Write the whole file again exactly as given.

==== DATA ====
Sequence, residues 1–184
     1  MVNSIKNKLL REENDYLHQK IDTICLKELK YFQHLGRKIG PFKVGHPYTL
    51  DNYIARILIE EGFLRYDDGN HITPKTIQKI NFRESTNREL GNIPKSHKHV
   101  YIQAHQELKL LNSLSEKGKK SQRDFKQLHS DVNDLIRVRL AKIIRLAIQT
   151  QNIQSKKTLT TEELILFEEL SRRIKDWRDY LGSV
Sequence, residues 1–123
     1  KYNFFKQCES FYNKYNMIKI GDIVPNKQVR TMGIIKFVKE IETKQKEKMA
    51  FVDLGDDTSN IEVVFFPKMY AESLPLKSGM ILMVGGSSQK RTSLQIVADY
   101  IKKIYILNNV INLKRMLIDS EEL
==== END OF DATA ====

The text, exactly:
Sequence, residues 1–184
     1  MVNSIKNKLL REENDYLHQK IDTICLKELK YFQHLGRKIG PFKVGHPYTL
    51  DNYIARILIE EGFLRYDDGN HITPKTIQKI NFRESTNREL GNIPKSHKHV
   101  YIQAHQELKL LNSLSEKGKK SQRDFKQLHS DVNDLIRVRL AKIIRLAIQT
   151  QNIQSKKTLT TEELILFEEL SRRIKDWRDY LGSV
Sequence, residues 1–123
     1  KYNFFKQCES FYNKYNMIKI GDIVPNKQVR TMGIIKFVKE IETKQKEKMA
    51  FVDLGDDTSN IEVVFFPKMY AESLPLKSGM ILMVGGSSQK RTSLQIVADY
   101  IKKIYILNNV INLKRMLIDS EEL